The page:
by Dennis Crouch
The pending petition in Nike v. Adidas asks the Supreme Court whether it is proper for the Patent Trial & Appeal Board (PTAB) to raise sua sponte new grounds of unpatentability against a substitute claim added during an inter partes review proceeding. The government, as a respondent in this case, argues that the PTAB can create its own reasons for rejecting newly-added claims so long as the patent owner is given sufficient notice and a chance to respond.
However, the case intrigue has recently heightened due to a somewhat chaotic saga involving the PTAB. Key figures involved include former PTAB Chief Judge Ruschke, current Chief Judge Boalick, and Judge Michael Fitzpatrick, who was recently justified as a wronged-whistleblower.
The Supreme Court petition was submitted amidst revelations of secretive maneuvers within the Board. These questionable practices include an abrupt panel expansions and judge replacement without notifying involved parties. Specifically, in the Nike v. Adidas IPR, the Board panel was first expanded to include Chief Judge Ruschke and then Deputy Chief Judge Boalick after all parties had finished their arguments and opinion writing had begun. The process also witnessed the replacement of Judge Fitzpatrick after he expressed discontent over the panel’s expansion, prompting his removal from all America Invents Act (AIA) cases.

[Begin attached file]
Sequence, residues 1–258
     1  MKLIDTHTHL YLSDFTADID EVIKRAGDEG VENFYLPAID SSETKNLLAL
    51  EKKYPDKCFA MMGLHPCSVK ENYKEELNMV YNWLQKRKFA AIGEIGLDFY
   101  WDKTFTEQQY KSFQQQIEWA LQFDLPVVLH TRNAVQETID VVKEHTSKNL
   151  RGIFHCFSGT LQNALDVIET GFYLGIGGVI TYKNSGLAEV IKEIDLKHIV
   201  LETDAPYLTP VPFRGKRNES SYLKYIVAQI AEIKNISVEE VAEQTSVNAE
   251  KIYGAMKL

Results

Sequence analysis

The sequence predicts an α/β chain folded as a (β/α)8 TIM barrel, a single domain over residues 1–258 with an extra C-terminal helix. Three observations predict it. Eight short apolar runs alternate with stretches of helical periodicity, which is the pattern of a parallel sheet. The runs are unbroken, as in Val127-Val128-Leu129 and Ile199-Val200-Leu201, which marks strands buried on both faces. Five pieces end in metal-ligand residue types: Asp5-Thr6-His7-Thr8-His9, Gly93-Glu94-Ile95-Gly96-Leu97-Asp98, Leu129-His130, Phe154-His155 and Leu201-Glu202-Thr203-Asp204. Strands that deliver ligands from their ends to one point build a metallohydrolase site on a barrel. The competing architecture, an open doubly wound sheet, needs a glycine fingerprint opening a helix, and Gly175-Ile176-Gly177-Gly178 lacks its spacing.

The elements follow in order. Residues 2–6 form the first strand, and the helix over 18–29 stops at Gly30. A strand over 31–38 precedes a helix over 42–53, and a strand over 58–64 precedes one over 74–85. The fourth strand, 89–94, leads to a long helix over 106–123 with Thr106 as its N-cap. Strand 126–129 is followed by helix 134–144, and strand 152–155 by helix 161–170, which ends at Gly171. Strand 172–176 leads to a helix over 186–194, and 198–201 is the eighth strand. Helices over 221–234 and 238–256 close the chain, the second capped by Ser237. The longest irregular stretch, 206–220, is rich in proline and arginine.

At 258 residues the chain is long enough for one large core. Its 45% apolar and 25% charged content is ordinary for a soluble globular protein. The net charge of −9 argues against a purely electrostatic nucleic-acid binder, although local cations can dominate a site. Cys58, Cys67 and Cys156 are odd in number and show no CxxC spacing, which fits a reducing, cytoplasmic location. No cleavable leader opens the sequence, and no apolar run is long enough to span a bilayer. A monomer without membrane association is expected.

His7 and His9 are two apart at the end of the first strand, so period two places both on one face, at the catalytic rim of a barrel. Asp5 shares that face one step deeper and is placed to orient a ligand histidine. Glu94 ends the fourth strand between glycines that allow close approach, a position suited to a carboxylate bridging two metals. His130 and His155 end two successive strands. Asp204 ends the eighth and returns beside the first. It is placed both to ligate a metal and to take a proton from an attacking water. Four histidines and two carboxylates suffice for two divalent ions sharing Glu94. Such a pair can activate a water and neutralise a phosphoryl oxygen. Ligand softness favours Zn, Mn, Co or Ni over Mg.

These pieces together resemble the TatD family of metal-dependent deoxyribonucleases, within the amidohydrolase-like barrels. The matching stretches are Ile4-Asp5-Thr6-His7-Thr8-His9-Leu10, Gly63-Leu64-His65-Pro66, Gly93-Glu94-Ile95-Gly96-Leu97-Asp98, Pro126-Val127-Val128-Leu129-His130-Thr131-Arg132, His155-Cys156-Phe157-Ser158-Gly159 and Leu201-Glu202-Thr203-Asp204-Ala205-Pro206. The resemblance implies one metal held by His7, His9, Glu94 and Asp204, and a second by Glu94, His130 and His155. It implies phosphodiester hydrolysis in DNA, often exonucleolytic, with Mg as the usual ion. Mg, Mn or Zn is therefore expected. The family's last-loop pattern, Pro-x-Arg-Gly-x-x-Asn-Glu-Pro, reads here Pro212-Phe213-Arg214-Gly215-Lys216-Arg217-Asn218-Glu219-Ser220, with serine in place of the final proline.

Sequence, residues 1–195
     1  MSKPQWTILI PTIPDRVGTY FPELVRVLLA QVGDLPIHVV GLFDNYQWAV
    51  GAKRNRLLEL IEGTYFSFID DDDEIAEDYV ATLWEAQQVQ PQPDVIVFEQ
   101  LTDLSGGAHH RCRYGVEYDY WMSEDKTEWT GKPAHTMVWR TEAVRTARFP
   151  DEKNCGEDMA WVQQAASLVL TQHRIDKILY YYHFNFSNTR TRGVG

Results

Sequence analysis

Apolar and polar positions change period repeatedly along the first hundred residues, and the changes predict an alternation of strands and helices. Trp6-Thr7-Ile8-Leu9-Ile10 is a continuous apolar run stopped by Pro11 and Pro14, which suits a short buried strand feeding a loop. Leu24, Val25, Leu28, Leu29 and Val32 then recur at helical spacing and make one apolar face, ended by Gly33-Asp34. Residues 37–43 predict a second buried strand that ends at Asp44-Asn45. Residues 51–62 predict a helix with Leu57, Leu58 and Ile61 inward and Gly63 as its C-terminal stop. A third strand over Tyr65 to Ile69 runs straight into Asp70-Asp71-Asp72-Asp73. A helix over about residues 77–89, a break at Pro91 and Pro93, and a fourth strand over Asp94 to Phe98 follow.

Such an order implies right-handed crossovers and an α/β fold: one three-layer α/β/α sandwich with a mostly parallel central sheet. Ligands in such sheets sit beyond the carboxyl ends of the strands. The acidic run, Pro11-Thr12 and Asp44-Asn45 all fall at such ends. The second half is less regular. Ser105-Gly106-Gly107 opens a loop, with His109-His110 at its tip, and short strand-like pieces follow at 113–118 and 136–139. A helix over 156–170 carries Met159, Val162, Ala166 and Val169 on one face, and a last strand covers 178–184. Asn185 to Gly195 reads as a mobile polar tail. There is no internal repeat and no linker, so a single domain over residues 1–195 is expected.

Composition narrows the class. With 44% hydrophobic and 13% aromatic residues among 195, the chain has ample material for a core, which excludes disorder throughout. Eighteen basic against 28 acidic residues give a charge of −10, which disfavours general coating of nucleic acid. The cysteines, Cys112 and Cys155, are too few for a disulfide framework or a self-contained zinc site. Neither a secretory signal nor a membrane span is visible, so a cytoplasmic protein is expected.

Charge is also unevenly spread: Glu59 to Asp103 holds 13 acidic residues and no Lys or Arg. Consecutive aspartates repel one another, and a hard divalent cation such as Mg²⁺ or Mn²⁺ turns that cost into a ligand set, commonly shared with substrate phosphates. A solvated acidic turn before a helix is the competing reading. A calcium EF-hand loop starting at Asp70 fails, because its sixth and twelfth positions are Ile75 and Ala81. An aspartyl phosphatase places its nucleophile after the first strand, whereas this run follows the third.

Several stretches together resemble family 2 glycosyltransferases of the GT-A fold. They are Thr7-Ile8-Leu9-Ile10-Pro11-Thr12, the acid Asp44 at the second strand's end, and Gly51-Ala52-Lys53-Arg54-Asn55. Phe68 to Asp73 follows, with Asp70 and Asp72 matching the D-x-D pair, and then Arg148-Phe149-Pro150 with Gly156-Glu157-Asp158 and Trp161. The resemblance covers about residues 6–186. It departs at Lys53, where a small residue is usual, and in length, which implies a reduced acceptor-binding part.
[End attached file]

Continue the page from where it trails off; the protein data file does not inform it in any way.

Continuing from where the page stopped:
Judge Fitzpatrick’s ousting ignited a legal battle against the USPTO, which recently concluded with a victory for Fitzpatrick at the Merit Systems Protection Board (MSPB). Fitzpatrick alleged that the USPTO had manipulated the inter partes review process in the Nike v. Adidas case, inappropriately expanding the PTAB review panel and delaying the final decision. Furthermore, Fitzpatrick’s whistleblowing disclosures extended beyond the PTAB, unearthing a misrepresentation by the Solicitor General to the Supreme Court regarding the frequency of expanded panels during the Oil States proceedings. In briefing in the case, the Solicitor General recently apologized to the Supreme Court, expressing regret for the unintended misinformation. The SG’s brief indicates that they only recently learned of the underlying drama.
In light of these troubling revelations, the Solicitor General suggests the Supreme Court grant, vacate, and remand Nike v. Adidas, offering the petitioner a chance to present arguments based on this new information to the Federal Circuit, and allowing the Federal Circuit to consider these points in the first instance.
Interestingly, this practice of unannounced judge replacements parallels the Federal Circuit’s tactics in the infamous Novartis case. Although the Adidas name is still on the case, the company has formally requested not to be involved in the appeal, citing a settlement reached with Nike.